There are several memorials in Australia that mention the activities of Dutch submarines in the Australian waters. These submarines played an import role during the Battles of Singapore and Malaya. In the first few weeks of the was in the East they sank more Japanese boats that the Brits and Americans combined.
After the occupation of Netherlands East Indies by the Japanese most of the surviving submarines (as well as other Dutch navy and merchant ships) ended up in Australia as they could neither go back to NEI or Netherlands.
During the remainder of the war, they operated in the Indian Ocean under British Command and in the South West Pacific under American Command.
They also played a key role for the Netherlands Forces Intelligence Service (NEFIS) in secret spy missions in NEI and Dutch New Guinea.
There is an interesting story of one of the Dutch submarine that ended up Luna Park in Sydney.
The submarine HNLMS K-XII was used for NEFIS patrols until June 1943, the submarine K-XII had been become so unserviceable that it was relegated for use as a target ship for training for the Admiralty’s Anti-Submarine Division (ASDIC) by Allied planes and ships. These exercises further damaged K-XII. On 22 March 1944, the submarine sailed from the main submarine port of Fremantle to Sydney to await its fate.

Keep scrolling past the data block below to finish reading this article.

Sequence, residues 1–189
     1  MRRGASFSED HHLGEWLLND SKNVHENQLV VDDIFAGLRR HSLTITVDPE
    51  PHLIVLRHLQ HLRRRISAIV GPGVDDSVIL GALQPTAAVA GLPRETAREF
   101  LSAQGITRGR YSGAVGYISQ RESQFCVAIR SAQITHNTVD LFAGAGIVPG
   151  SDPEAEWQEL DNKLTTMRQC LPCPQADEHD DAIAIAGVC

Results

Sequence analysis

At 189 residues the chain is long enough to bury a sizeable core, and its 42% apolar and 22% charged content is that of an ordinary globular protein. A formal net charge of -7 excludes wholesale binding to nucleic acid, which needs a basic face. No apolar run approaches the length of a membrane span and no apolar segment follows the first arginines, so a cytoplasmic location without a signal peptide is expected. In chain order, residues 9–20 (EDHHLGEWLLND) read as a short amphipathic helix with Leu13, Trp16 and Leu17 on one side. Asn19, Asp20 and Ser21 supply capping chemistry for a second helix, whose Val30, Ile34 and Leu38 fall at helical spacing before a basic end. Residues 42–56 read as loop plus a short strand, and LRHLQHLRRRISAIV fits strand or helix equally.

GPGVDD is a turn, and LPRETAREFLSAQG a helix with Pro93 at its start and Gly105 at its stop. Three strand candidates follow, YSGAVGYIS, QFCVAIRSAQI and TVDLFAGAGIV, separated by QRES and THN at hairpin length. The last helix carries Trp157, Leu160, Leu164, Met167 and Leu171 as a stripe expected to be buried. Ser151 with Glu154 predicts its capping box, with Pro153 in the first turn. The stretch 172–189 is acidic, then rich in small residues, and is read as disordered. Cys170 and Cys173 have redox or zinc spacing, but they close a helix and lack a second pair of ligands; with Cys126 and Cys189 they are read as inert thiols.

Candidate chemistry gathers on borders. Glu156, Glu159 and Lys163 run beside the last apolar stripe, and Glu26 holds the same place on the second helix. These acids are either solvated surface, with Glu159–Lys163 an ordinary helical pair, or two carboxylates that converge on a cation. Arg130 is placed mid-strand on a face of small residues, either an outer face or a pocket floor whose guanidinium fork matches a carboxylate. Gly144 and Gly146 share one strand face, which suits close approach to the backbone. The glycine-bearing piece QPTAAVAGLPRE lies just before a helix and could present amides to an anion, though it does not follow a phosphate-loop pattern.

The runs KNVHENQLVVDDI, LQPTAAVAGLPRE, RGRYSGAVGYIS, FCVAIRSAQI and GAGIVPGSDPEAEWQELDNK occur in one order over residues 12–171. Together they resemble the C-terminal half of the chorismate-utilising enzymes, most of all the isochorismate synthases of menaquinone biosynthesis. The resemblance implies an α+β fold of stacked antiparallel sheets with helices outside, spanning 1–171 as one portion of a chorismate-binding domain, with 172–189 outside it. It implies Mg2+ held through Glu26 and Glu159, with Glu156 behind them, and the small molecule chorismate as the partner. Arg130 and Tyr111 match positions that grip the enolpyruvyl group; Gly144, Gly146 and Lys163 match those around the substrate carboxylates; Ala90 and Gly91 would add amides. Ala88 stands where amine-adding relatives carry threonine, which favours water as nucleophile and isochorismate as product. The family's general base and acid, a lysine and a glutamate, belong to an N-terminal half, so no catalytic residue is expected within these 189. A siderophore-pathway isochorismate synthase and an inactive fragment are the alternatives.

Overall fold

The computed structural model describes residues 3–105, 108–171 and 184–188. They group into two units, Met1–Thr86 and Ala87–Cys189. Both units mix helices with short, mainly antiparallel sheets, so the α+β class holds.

In September 1944, K-XII was stricken from the RNN list and sold to Australian businessmen who wished to use the submarine at Luna Park, Sydney. K-XII became an attraction, with the public paying to look through its periscope and inspect its engine room. Only one of its two engines was salvageable and, with the submarine’s generator, they were used for emergency lighting at Luna Park.
After a storm in June 1949, the sub was towed to less exposed waters but the towline broke and the sub drifted ashore at Fairlight. It remained there for 18 months before being salvaged and cut up for scrap in 1951.